As classically defined, socialism abolishes private ownership of the means of production. If you don’t see that happening, you’re not looking at socialism. Of course, nowadays all sorts of things get called socialism, almost to the point where the term has lost any fixed meaning. And the confusion of a social safety net with socialism is particularly pernicious. It causes people to believe that publicly ensuring that everyone has the means of life available to them will turn us into the Soviet Union. 

Perhaps the junior Trump is disdainful of a system that would compel him to share with others the wealth he has worked so hard to inherit. But if he seeks to educate his daughter, he should at least learn to call things by their proper names. Even if he declines to expand his mental horizons in this manner, perhaps the definition of socialism will now enter the public consciousness so that policies will not be determined, nor votes cast, based on an ongoing misapprehension. Let this be a small offering in the service of that goal.

Wednesday, November 1, 2017

There Actually Is No Reason for the Manhattan Killings

Confronted with a mass killing, it seems, in a way, disrespectful to speak of anything else. We don’t want to cheapen the lives lost by airing what might appear to be proportionally petty political differences, or disrespect the pain of surviving family members by carrying on as if there are other events remotely as significant.

And, yet, regarding events of the kind that occurred in Manhattan yesterday there is little meaningful to say. A “man driving a rented pickup truck mowed down pedestrians and cyclists on a bike path alongside the Hudson River in New York City on Tuesday, killing eight people and injuring about a dozen others in what authorities said was an act of terrorism.” [1] He “was shot by police in the abdomen and arrested after he crashed the truck into a school bus and fled his vehicle,” according to authorities. He had come “to the United States from Uzbekistan in 2010, and had a green card that allowed permanent legal residence.” [2]

Why? Why would somebody do such a thing? True, he shouted “God is great” in Arabic when he jumped out of his truck. And it seems that he left a note “claiming he carried out the attack in the name of the Islamic State militant group.” But those are just words that only superficially appear to carry meaning.

People talk about the greatness of God in houses of worship all over the country, all over the world, and don’t run down pedestrians and cyclists with trucks. As for the reference to the Islamic State, that conveys nothing cogent by itself, because the Islamic State isn’t a cogent presence in the world. It publishes videos showing the brutal execution of its hostages. [3] It destroys cultural heritage sites. [4] It “has carried out ethnic cleansing on a historic scale in northern Iraq.” [5] For it to go by the name of one of the world’s great religions is an egregious abuse of terms, for it is a nihilistic cult of death that is so extreme it was disowned by al-Qaeda.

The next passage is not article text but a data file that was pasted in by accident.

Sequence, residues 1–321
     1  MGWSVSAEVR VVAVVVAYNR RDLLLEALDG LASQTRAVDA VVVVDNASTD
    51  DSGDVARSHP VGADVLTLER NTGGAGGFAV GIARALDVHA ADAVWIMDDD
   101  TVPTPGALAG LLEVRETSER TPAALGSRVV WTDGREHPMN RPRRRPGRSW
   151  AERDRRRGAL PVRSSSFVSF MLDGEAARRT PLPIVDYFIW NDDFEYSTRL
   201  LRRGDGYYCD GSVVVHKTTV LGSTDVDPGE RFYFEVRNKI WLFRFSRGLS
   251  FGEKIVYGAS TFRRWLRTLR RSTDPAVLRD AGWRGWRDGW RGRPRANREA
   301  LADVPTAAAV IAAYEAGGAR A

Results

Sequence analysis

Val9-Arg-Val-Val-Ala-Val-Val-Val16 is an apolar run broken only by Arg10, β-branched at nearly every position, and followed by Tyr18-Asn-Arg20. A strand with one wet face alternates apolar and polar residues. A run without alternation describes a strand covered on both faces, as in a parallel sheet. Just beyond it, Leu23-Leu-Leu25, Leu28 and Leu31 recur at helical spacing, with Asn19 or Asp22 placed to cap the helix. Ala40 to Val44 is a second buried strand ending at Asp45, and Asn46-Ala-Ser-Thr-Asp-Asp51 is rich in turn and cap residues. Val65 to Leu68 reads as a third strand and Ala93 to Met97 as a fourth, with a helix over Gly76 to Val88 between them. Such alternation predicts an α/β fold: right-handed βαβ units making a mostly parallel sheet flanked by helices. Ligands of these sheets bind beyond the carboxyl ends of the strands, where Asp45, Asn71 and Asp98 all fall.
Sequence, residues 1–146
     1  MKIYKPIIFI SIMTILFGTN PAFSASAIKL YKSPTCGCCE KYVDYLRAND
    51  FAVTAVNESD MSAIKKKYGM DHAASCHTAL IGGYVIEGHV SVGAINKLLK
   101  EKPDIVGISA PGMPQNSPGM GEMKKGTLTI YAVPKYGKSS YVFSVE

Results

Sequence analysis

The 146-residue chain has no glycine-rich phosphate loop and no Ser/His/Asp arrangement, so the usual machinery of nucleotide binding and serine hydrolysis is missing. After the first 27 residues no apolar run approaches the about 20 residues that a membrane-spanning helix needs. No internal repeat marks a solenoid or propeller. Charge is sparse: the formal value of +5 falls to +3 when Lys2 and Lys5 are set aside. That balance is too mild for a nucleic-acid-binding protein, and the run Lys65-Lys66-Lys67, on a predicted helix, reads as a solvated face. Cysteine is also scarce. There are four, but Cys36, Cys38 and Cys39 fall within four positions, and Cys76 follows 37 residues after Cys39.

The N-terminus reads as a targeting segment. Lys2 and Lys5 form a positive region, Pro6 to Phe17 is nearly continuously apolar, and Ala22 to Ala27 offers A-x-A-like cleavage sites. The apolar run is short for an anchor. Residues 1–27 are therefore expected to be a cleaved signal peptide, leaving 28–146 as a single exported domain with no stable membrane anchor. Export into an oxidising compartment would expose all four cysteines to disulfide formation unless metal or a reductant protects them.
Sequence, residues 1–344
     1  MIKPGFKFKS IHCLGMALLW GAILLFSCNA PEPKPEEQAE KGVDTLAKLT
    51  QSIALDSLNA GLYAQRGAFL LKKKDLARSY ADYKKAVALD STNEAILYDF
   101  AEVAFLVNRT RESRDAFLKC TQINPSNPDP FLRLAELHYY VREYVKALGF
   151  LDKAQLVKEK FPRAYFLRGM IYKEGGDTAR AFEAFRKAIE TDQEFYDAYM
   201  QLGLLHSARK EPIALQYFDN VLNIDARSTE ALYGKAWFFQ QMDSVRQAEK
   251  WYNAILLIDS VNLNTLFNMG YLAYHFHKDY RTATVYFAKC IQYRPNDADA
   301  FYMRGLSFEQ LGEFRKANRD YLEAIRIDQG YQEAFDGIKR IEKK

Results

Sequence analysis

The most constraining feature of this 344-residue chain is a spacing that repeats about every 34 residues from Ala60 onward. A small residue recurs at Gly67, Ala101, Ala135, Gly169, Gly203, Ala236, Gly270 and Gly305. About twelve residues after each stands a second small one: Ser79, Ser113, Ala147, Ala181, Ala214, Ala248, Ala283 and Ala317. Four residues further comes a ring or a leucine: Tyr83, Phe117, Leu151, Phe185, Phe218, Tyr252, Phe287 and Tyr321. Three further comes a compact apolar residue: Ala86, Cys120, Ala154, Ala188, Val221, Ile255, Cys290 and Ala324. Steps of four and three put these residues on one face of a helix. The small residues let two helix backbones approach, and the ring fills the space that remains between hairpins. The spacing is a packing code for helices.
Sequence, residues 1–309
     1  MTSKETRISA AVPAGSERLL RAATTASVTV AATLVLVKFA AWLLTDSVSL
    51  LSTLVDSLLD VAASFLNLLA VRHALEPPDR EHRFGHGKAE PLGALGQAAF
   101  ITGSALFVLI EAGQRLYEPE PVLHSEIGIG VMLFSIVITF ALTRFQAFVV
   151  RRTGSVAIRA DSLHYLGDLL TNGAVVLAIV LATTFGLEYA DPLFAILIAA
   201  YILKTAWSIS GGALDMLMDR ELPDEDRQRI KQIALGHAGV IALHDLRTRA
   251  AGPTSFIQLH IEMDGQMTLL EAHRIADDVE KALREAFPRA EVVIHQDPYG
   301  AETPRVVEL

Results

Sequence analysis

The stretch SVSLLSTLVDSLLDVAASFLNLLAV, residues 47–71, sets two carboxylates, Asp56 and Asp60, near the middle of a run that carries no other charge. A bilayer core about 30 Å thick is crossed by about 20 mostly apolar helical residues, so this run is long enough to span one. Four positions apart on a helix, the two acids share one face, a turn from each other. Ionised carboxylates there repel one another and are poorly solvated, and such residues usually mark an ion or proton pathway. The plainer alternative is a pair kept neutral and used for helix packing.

Yet here is an individual, who will not be named here, who found himself attracted to that message of chaos. We struggle to ascertain a rationale, fearing that we might be confronted with the horror that there is none. But we are unavoidably confronted with the horror that there is nothing we can do about such things; we can’t outlaw rental trucks or bicycle paths. No, we are left with the bitter realization that human violence of this kind operates like a force of nature that we have yet to comprehend, that emerges suddenly without signs of imminence, and that we cannot prepare for in advance.

We will not find the answer to this in politics, for politics is only a kind of window dressing in this connection. No, this kind of behavior arises from the dark recesses of the human psyche. And we need to make a serious effort to determine what causes it.

In doing so, we must eschew the sciolism that would lead us to renounce either psychological or external causes in the fear that doing so will undermine a criminal justice system grounded in personal responsibility. Instead we must fearlessly, and, to the extent possible, scientifically come to grips with the internal and external motivations that yield these results. We need to find the way to address a sense of alienation so intense that it inspires a person to mow over his fellow humans with a truck.  

In a word, we need to find a way to stop things like this from happening. But it seems likely that we will have to overcome some cultural prejudices to accomplish it.